Over a period of more than 55 years, three personal secretaries maintained Henry P. McIlhenny's files, resulting in different filing systems and retention practices. While the earliest secretarial assistant kept individual files for each correspondent and retained only certain invoices, her successors filed correspondence in general alphabetical order and kept what appears to be almost all invoices and/or receipts, also in general alphabetical order. In preparing the catalog for its 1987-1988 exhibition of the McIlhenny collection bequeathed to the Philadelphia Museum of Art, curatorial staff made significant use of relevant portions of the papers, which probably led to further rearrangement.

The designated series reflect categories that were imposed earlier and in varying degrees to the papers, arranging material by document types and topics. "Correspondence," "Financial records," "Family records," and "Articles, interview and lectures" make up the four material-type series. The three topical series that follow reflect the areas of McIlhenny's lifestyle for which he was best known, namely his "Art collection," his "Residences," and his "Affiliations" with the many organizations and institutions that benefited from his generosity and expertise. The final series, "Other subjects" encompasses smaller groupings of topical material, namely "Social events" and "Travel." The "Various" subseries houses other subjects and document types.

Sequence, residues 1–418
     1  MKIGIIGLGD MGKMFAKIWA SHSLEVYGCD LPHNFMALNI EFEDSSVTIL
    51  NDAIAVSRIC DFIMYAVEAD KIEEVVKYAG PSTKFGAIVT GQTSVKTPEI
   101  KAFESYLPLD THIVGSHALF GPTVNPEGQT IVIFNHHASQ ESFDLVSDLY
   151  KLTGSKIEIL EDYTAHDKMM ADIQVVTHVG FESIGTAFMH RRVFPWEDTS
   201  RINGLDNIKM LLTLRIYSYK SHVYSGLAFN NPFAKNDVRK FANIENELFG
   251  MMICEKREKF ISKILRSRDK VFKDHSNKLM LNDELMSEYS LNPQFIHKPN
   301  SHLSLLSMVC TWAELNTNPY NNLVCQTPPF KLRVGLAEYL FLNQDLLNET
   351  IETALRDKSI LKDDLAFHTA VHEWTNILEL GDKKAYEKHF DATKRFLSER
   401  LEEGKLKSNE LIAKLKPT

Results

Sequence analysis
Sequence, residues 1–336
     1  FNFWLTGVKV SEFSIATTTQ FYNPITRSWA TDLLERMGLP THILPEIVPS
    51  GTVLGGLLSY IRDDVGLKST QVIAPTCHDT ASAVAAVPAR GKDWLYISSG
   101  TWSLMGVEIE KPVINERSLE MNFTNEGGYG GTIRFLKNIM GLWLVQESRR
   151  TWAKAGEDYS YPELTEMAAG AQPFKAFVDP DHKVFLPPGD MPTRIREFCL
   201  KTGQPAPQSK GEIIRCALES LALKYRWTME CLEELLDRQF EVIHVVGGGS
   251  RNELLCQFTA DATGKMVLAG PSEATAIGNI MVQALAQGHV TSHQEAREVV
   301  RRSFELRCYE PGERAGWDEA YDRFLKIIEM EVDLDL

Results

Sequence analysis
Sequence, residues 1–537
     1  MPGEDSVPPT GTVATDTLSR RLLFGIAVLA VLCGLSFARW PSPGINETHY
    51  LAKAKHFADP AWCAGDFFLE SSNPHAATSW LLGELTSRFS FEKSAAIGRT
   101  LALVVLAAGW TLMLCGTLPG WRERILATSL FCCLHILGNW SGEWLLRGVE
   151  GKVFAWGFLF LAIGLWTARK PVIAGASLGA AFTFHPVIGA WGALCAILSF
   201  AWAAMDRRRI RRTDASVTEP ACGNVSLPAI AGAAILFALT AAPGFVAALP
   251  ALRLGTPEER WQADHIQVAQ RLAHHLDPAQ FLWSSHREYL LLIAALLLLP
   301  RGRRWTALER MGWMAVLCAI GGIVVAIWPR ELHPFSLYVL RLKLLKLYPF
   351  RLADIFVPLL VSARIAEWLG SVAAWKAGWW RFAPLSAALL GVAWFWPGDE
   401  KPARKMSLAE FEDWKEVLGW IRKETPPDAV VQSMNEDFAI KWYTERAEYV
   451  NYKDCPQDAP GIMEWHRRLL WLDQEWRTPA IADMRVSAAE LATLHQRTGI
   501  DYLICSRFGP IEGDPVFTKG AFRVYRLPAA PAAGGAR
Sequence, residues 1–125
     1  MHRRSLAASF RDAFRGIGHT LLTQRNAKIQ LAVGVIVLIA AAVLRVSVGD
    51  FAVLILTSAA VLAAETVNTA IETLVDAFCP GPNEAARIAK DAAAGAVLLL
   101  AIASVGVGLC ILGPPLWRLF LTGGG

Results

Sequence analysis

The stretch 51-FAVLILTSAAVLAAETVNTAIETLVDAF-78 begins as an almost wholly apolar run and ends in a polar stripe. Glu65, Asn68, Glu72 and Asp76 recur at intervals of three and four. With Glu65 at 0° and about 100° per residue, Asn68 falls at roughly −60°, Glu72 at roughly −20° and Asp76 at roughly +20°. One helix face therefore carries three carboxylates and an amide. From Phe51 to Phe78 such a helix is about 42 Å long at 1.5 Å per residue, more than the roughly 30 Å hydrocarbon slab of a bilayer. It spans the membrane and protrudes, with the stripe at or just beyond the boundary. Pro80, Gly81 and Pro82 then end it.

Because of the large amount of invoices, retention guidelines were established to insure that research value would not be jeopardized while maintaining practical and efficient processing standards. While some invoices pertain to the late 1930s, most date from 1960 to 1986, and the amount of information contained therein varies.

The significance of McIlhenny's fine and decorative art collection requires the retention of all relative invoices, regardless of amount of information. In keeping with the organization of earlier purchases (most of which were made by his parents), later invoices for all books and for jewelry have been added to the "Art collection" series. The other category of invoices retained entirely pertains to horticulture and therefore includes all gardening and landscaping expenses, as well as florist orders.

In assessing the remaining invoices, the first criterion was that there be some degree of detail, such as an itemized bill. The account books processed in the "Bookkeeping" subseries of the "Financial record" series offers the same information that can be gleaned from invoices showing only total dollar amounts. Itemized invoices retained were those documenting the more routine aspects of a privileged lifestyle, such as clothing, groceries, and health and beauty aids. Because only itemized invoices have been retained, the material must be studied as a sampling of such expenditures. All these invoices are part of the "Various" subseries in the "Other subject" series. Itemized invoices pertaining to interior decoration and renovations in Philadelphia and at Glenveagh have been processed in the respective subseries of the "Residence" series. In keeping with the original arrangement of earlier dated material in the "Philadelphia" subseries, later invoices pertaining to maintenance and repair, security and utilities were also retained.